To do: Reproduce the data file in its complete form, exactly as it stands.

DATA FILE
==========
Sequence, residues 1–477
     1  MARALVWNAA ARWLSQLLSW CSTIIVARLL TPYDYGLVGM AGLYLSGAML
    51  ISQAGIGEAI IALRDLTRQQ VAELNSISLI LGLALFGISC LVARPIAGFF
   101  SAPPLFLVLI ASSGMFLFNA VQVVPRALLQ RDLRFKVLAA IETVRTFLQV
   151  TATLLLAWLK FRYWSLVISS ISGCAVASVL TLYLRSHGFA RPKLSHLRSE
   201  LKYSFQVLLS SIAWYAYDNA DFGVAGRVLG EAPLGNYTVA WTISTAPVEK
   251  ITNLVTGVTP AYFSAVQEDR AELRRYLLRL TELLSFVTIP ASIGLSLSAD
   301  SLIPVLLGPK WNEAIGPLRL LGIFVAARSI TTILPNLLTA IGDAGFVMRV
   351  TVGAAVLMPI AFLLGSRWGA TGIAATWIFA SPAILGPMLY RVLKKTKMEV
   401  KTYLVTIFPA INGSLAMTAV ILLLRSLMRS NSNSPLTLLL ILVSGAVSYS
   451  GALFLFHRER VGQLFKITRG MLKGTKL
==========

Sequence, residues 1–477
     1  MARALVWNAA ARWLSQLLSW CSTIIVARLL TPYDYGLVGM AGLYLSGAML
    51  ISQAGIGEAI IALRDLTRQQ VAELNSISLI LGLALFGISC LVARPIAGFF
   101  SAPPLFLVLI ASSGMFLFNA VQVVPRALLQ RDLRFKVLAA IETVRTFLQV
   151  TATLLLAWLK FRYWSLVISS ISGCAVASVL TLYLRSHGFA RPKLSHLRSE
   201  LKYSFQVLLS SIAWYAYDNA DFGVAGRVLG EAPLGNYTVA WTISTAPVEK
   251  ITNLVTGVTP AYFSAVQEDR AELRRYLLRL TELLSFVTIP ASIGLSLSAD
   301  SLIPVLLGPK WNEAIGPLRL LGIFVAARSI TTILPNLLTA IGDAGFVMRV
   351  TVGAAVLMPI AFLLGSRWGA TGIAATWIFA SPAILGPMLY RVLKKTKMEV
   401  KTYLVTIFPA INGSLAMTAV ILLLRSLMRS NSNSPLTLLL ILVSGAVSYS
   451  GALFLFHRER VGQLFKITRG MLKGTKL